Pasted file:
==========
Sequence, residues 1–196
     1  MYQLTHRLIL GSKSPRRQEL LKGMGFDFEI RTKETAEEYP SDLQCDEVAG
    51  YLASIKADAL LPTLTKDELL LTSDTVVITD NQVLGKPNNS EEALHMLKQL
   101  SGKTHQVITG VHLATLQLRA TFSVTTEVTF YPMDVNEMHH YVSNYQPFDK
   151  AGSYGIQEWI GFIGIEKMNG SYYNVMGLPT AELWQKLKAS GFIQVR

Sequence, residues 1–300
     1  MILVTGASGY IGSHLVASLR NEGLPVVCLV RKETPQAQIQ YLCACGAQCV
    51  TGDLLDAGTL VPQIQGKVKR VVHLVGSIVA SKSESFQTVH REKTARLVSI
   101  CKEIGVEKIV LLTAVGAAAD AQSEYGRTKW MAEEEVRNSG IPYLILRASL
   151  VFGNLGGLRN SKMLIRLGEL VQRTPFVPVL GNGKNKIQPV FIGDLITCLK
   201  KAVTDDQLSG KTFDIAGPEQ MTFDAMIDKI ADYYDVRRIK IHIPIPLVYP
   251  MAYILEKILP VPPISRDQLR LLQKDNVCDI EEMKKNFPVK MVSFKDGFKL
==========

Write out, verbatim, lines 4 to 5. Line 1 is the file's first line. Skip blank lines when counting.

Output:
   101  SGKTHQVITG VHLATLQLRA TFSVTTEVTF YPMDVNEMHH YVSNYQPFDK
   151  AGSYGIQEWI GFIGIEKMNG SYYNVMGLPT AELWQKLKAS GFIQVR